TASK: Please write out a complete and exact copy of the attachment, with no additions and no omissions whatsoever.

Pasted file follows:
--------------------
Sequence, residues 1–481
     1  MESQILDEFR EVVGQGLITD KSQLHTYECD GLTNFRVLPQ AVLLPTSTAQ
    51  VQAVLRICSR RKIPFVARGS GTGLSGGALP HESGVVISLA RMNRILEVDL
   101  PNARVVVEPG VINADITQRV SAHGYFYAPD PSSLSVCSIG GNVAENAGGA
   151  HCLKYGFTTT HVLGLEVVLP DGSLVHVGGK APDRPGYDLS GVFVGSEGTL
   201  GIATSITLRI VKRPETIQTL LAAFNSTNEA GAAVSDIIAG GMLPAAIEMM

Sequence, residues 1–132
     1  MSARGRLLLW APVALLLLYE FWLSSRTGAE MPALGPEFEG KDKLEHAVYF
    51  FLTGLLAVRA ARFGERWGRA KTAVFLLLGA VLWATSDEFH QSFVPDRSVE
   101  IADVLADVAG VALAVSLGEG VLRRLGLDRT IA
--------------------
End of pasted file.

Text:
Sequence, residues 1–481
     1  MESQILDEFR EVVGQGLITD KSQLHTYECD GLTNFRVLPQ AVLLPTSTAQ
    51  VQAVLRICSR RKIPFVARGS GTGLSGGALP HESGVVISLA RMNRILEVDL
   101  PNARVVVEPG VINADITQRV SAHGYFYAPD PSSLSVCSIG GNVAENAGGA
   151  HCLKYGFTTT HVLGLEVVLP DGSLVHVGGK APDRPGYDLS GVFVGSEGTL
   201  GIATSITLRI VKRPETIQTL LAAFNSTNEA GAAVSDIIAG GMLPAAIEMM

Sequence, residues 1–132
     1  MSARGRLLLW APVALLLLYE FWLSSRTGAE MPALGPEFEG KDKLEHAVYF
    51  FLTGLLAVRA ARFGERWGRA KTAVFLLLGA VLWATSDEFH QSFVPDRSVE
   101  IADVLADVAG VALAVSLGEG VLRRLGLDRT IA